- “Assesses Changes in the External Environment”
- “Assesses Changes in the Business Model”
- “Assesses Changes in Leadership”
- “Assess Changes in Systems and Technology”
As I stated above, risk management is subjective, and there are many different frameworks and templates that can be used to guide your risk management function. If you are struggling to identify the right operational risk management framework, I suggest using the SOC 2 criteria as your guide. For one, the SOC 2 criteria address a range of operational risk areas. It was built off the COSO framework, which is a broadly accepted framework for managing the components of internal control. It will also help your organization satisfy the SOC 2 requirements for assessing and mitigating risk, which gets you one step closer to SOC 2 compliance.
What are the Main Benefits of Operational Risk Management?
It can be easy to think of risk management simply as a compliance checkbox, but proactively managing operational risk has many benefits. A strong operational risk management program should:
- Enable management to embrace a healthy level of risk in the pursuit of the organization’s objectives.
- Inform decision makers where additional resources are needed to address potential threats to the organization’s operations.
- Strengthen the reliability of business operations and the company’s ability to achieve its objectives.
- Mitigate against or reduce loss.
- Identify where opportunities for efficiency can be realized.
- Hold stakeholders accountable by proactively identifying risks that may compromise their ability to achieve the company’s goals.
Knowledge is power. Designed properly, your operational risk management program should give insight through metric-driven data that enables the organization to operate more efficiently and effectively.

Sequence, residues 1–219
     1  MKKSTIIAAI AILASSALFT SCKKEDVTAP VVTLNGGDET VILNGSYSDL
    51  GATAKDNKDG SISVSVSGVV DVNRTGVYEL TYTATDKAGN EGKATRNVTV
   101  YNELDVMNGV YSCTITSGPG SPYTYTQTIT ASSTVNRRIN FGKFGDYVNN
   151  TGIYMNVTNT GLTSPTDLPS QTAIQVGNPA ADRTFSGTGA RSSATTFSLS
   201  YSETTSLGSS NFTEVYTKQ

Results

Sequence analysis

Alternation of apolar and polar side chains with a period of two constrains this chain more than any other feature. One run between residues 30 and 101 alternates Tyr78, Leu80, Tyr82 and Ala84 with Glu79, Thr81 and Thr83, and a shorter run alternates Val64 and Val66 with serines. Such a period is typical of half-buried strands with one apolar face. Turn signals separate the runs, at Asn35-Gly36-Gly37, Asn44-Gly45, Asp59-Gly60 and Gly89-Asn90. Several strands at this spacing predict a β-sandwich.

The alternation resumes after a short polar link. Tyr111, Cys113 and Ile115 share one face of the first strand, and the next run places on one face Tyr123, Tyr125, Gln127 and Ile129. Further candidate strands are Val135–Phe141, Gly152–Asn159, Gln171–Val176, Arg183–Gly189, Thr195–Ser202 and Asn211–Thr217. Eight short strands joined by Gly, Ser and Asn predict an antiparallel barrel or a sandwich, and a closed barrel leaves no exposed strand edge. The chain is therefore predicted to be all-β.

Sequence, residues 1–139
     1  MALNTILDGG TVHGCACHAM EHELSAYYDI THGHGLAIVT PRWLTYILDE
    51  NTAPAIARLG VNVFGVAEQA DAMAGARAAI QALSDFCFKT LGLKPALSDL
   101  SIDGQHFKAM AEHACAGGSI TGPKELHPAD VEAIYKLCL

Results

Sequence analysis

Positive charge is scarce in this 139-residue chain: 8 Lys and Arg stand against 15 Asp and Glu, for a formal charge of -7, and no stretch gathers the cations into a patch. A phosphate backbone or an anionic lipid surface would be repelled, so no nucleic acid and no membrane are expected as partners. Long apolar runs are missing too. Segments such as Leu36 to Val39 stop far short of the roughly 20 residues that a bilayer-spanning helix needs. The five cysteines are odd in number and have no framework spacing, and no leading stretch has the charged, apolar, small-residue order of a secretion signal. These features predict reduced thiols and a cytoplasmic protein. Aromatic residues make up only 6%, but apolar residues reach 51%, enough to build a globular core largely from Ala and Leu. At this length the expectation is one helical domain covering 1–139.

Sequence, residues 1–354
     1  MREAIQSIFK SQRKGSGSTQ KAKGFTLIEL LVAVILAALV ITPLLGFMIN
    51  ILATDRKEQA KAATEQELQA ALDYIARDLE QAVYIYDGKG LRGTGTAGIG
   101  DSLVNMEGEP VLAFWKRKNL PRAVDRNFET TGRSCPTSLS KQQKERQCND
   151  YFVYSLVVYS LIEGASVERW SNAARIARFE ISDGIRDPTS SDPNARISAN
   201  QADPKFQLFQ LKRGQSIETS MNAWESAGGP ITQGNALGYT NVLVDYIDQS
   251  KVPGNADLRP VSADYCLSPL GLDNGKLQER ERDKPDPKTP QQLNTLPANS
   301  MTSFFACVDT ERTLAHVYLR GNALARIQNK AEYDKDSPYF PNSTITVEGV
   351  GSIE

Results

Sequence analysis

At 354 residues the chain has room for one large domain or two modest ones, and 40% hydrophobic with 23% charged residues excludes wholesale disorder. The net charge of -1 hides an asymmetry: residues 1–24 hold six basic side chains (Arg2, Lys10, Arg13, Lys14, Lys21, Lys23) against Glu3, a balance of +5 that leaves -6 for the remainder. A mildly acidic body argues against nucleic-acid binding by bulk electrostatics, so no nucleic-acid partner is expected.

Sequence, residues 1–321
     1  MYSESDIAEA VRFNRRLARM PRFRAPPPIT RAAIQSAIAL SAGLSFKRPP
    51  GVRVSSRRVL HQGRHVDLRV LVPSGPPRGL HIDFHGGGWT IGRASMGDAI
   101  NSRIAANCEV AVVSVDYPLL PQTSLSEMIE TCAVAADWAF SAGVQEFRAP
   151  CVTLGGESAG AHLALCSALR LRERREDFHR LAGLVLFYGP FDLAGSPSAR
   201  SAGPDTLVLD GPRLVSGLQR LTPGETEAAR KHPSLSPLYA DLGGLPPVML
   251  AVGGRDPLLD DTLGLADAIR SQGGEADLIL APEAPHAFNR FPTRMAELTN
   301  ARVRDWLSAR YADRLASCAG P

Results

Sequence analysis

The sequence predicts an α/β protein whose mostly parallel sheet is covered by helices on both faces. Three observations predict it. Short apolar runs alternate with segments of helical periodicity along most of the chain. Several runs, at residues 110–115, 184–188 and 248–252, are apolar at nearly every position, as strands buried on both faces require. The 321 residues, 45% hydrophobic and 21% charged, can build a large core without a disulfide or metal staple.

Are you still not sure where to start or what steps to take in your ORM process? Do you feel your organization could benefit from implementing a stronger risk management program? Keep in mind that risk management is a continuous process, and one that you can build over time. For more information on how to strengthen your enterprise risk management program or to initiate an operational risk assessment, I recommend the following articles:
- Information Security Risk Management: A Comprehensive Guide
- Vendor/Third-Party Risk Management: Best Practices
- Considerations for Fraud Risk Assessment: COSO Principle 8
- When, How, And Why To Use A Risk Matrix
Maggie spent nearly 10 years in KPMG’s IT Advisory and Attestation practice before joining a financial technology company as the Risk and Compliance Director. She has overseen numerous SOC 1 / SOC 2 audits and other IT Compliance audits and has vast experience implementing risk management and IT compliance solutions. She is Certified in Risk and Information Systems Control (CRISC) and obtained a Bachelor of Science in Business Administration, Finance, from the University of Colorado at Boulder.